As people age, they get less satisfaction from travel, cars, clothes and appliances.
Dreams of stopping work, or doing only fulfilling work, 15 years before their parents did are colliding with the realities of amassing enough money to do so.
Want to know how few students pay full price, or the odds of getting merit aid? The so-called Common Data Set can help, but some schools don’t post it.
The government adjusts its tax code every year, including the standard deduction and tax brackets. Rising costs mean big changes next year.
The “buy now, pay later” approach has infiltrated the wedding industry via new programs created specifically to finance events.
Many families can borrow most of the cost of college using a Parent PLUS loan. This will not end well.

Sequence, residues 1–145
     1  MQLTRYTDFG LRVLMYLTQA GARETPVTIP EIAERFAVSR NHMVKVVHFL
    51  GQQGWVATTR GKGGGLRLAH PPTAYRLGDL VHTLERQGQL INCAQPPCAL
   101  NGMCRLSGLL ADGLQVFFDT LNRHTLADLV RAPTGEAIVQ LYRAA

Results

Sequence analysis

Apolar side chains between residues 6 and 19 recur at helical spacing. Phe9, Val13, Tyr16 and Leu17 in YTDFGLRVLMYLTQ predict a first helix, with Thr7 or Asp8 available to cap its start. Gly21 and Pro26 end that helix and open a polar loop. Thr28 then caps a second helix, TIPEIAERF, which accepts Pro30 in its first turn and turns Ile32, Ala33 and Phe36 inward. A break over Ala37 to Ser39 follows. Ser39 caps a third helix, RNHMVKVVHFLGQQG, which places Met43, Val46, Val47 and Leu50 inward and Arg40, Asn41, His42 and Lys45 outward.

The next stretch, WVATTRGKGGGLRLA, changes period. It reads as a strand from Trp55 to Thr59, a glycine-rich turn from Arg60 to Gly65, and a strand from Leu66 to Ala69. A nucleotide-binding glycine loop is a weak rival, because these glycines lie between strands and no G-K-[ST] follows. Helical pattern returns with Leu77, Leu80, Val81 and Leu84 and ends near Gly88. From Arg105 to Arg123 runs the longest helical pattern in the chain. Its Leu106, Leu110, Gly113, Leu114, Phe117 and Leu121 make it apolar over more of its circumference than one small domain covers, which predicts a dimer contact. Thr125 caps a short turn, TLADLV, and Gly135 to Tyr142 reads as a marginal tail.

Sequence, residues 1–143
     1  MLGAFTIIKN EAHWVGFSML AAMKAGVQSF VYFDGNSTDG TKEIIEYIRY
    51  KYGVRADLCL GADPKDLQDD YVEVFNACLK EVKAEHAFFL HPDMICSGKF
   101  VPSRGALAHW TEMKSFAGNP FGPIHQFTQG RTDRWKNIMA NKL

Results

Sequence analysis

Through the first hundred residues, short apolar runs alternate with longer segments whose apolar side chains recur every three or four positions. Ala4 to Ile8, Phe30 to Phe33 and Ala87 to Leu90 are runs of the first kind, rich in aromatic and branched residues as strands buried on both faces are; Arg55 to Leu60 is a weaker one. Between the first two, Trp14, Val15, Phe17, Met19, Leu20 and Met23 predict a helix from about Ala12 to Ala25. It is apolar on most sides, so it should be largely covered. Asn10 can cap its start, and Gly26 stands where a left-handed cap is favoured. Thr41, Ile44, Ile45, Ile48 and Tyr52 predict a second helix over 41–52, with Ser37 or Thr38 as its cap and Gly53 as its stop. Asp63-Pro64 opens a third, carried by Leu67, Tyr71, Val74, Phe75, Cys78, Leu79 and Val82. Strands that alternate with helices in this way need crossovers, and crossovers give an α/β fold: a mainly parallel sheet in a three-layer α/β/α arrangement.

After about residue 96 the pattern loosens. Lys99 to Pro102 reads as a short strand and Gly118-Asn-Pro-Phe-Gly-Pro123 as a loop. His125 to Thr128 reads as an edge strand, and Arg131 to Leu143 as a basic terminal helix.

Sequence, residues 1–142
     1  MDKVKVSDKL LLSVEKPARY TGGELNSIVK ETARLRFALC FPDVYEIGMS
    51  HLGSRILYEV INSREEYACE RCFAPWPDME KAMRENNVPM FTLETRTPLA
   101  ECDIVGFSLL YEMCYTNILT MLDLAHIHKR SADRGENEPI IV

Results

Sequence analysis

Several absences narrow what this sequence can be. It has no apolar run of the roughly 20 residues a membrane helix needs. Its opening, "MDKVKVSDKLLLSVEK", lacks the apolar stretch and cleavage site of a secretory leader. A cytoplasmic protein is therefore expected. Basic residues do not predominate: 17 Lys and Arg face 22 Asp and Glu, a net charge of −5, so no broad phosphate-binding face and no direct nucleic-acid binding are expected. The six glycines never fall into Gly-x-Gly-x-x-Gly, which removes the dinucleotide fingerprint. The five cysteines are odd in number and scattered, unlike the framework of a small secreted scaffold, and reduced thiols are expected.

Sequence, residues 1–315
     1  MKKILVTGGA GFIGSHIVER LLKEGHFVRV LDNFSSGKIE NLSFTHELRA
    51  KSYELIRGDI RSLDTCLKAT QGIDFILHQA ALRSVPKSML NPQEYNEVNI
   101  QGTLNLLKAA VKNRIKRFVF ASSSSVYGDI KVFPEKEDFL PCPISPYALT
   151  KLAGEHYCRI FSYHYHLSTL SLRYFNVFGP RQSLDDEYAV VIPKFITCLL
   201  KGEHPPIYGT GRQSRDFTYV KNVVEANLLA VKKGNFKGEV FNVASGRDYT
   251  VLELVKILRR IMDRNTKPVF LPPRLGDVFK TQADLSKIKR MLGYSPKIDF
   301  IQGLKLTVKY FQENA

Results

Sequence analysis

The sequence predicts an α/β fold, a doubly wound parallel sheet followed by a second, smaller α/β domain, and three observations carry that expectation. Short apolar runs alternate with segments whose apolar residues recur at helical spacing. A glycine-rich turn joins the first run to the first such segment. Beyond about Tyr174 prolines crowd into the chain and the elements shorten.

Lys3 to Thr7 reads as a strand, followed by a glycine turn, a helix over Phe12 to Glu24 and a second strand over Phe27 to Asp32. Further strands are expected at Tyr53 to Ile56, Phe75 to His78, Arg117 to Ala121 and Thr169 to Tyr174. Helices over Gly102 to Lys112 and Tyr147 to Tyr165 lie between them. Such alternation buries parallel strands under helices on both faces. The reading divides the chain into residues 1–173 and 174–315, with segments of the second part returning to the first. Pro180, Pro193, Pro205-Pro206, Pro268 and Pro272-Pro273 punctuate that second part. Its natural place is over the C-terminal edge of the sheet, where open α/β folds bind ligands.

The rout in the stock and bond markets has been especially rough on people paying for college, retirement or a new home. Our columnist has some advice.
Relaxed rules during the pandemic let workers carry over more of the pretax money, which must be spent on health costs or forfeited, but they’re expiring.
A topic that was once steeped in shame and stigma has become normalized, for better or for worse.
On the way to spending less, people often have to shell out more, at least temporarily — especially when selling a home. Here’s what to consider.
But to be eligible for the relief, taxpayers have to file the returns by Sept. 30. The agency says the average refund will be $750.
Instead of making higher education free, we subsidize it later through repayment plans and attempts at debt cancellation. The complexity is disrespectful.
The recent action on student debt is fodder for spam callers, who often try to trick borrowers into paying for loan cancellation.
Inflation is expected to remain high later this year even as the economy slows and layoffs rise. Already, signs of financial stress are surfacing.